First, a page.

AIVC - Air Infiltration and Ventilation Centre

Search form

EBC

You are here

Home  |  thermal comfort

Summertime Thermal Comfort in Australian School Classrooms

Richard de Dear, Jungsoo Kim, Christhina Candido, Max Deuble, 2014
thermal comfort | field study | school children | questionnaire | PMV | Adaptive model
Bibliographic info: 8th Windsor Conference, 10-13 April, 2014, Windsor UK
Languages: English

Considering school students spend up to one third of their day inside classrooms, it’s surprising how few detailed empirical studies have been conducted into how the thermal environment of classrooms affects students’ comfort and performance. Whereas PMV tends to exaggerate warm discomfort for adults, the literature suggests it underestimate children’s actual thermal sensation, but there is no coherent explanation for this in terms of metabolic or other physiological differences to date. The aim of this study was to conduct a thermal comfort survey in actual classrooms with a view to empirically defining preferred temperatures, neutral temperatures, and acceptable temperature ranges for Australian school children, and to compare them with findings from adult populations. The study informs a thermal comfort (air conditioning) policy being developed for Australian schools. The survey was conducted in a mixture of Air-Conditioned (AC), Evaporative-Cooled (EC), and Naturally-Ventilated (NV) classrooms in 10 schools during the Austral summer of 2013. Both Primary (grade) school and high schools were included in the sample. The survey was conducted twice a day (morning and afternoon), and the survey period varied between schools, from one week up to three weeks. After quality assurance processing a total of 3,129 questionnaires were retained from the sample of students and 138 samples were from the teachers. An indoor operative temperature of about 22.5°C was found to be the students’ neutral and preferred temperature, which is generally cooler than expected of adults under the same thermal environmental conditions, confirming earlier research findings in the thermal comfort literature. Working on the industry-accepted assumption that an acceptable range of indoor operative temperatures corresponds to mean thermal sensations of -0.5 through +0.5 (ASHRAE 2013; ISO 2005), the present analysis indicates an acceptable summertime range for primary and high school students from about 18.5 through to about 26.5oC operative temperature.   The paper concludes with hypotheses to explain differences between thermal comfort of children and adults.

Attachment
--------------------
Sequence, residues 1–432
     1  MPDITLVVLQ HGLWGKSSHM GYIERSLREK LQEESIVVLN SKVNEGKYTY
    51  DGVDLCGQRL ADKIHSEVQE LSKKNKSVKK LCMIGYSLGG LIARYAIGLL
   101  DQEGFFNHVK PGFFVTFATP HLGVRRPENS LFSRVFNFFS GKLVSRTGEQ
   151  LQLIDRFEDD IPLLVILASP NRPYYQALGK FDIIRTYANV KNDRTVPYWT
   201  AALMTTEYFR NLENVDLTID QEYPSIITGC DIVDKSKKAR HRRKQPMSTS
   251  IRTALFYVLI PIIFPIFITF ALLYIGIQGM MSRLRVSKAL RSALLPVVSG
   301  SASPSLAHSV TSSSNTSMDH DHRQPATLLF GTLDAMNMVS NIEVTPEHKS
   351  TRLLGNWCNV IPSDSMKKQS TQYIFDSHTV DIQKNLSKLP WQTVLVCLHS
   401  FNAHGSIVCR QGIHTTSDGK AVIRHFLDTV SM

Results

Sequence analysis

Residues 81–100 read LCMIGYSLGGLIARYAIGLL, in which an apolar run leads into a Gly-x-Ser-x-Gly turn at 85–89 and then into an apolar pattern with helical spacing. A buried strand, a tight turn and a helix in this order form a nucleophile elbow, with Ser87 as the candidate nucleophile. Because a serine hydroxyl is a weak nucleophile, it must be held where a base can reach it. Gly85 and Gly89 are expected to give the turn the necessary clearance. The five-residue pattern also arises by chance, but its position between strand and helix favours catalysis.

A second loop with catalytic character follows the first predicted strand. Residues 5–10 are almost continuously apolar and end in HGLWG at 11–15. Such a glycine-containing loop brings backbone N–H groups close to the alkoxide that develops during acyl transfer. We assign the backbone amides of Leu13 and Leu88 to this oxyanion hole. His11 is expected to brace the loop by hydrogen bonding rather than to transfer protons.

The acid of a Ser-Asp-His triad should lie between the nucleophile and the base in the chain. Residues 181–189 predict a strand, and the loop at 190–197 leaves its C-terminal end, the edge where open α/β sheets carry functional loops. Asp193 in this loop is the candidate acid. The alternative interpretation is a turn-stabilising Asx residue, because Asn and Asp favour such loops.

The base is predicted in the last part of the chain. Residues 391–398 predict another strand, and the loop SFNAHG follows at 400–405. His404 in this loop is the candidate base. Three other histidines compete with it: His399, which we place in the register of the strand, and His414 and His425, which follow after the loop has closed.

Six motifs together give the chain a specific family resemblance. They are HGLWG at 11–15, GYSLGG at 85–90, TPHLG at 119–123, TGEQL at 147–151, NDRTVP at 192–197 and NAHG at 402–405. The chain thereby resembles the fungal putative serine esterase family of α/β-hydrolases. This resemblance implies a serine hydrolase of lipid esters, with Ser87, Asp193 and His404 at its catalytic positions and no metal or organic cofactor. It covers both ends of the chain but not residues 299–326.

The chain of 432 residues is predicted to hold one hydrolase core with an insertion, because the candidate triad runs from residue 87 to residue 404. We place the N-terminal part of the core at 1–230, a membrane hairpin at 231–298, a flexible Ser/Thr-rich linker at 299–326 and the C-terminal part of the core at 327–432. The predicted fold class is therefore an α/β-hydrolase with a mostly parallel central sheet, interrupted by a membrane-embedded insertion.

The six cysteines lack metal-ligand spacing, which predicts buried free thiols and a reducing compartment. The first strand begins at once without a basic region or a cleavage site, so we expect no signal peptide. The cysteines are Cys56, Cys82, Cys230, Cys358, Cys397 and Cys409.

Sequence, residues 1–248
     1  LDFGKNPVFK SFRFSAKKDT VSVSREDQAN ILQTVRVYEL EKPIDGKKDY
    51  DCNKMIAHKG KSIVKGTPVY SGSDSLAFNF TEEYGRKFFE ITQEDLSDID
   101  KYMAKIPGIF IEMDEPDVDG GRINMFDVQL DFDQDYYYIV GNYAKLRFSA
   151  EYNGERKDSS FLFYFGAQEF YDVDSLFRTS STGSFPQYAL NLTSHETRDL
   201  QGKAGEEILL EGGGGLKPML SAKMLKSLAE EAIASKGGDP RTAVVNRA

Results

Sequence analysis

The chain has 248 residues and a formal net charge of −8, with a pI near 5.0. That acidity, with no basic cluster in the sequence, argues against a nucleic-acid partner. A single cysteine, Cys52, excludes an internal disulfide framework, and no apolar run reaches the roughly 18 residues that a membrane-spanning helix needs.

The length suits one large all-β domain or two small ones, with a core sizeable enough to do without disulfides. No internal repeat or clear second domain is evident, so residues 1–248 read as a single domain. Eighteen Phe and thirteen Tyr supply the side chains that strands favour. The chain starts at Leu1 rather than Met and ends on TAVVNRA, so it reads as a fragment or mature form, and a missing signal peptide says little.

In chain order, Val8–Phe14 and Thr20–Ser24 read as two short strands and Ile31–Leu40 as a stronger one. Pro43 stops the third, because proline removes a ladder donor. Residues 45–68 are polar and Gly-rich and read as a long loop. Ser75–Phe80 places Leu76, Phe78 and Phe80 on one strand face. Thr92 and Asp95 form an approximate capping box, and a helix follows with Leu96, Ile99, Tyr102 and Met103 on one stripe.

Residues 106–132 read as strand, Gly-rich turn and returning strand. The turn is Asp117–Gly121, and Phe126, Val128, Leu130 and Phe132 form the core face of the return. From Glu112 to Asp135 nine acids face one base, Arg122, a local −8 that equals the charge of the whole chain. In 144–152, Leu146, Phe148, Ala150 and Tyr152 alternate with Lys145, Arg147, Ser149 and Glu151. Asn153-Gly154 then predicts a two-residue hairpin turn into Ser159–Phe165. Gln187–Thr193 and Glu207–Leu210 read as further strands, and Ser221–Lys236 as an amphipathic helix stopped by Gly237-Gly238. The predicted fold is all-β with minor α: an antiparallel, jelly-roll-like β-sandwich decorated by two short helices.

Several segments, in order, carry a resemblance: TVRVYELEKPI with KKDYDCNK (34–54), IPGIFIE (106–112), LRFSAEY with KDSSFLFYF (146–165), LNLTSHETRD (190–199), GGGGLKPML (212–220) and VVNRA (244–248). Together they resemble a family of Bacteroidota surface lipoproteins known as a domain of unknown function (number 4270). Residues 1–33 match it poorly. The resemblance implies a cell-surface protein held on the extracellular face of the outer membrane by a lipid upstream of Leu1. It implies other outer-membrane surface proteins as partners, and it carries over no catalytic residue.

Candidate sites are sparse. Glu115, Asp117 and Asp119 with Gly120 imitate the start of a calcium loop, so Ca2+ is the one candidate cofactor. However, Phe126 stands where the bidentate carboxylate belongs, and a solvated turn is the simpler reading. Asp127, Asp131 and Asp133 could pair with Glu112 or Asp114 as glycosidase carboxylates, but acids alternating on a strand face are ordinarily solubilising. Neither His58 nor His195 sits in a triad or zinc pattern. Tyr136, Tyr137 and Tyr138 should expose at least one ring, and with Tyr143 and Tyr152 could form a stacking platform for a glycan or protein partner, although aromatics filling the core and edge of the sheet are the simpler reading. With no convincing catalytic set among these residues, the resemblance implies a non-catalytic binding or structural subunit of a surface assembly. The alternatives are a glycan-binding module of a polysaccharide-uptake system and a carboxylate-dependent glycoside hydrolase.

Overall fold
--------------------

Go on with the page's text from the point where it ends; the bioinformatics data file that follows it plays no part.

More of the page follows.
Related publications

The current development in building energy efficiency towards nZEB buildings represents
INIVE eeig, EU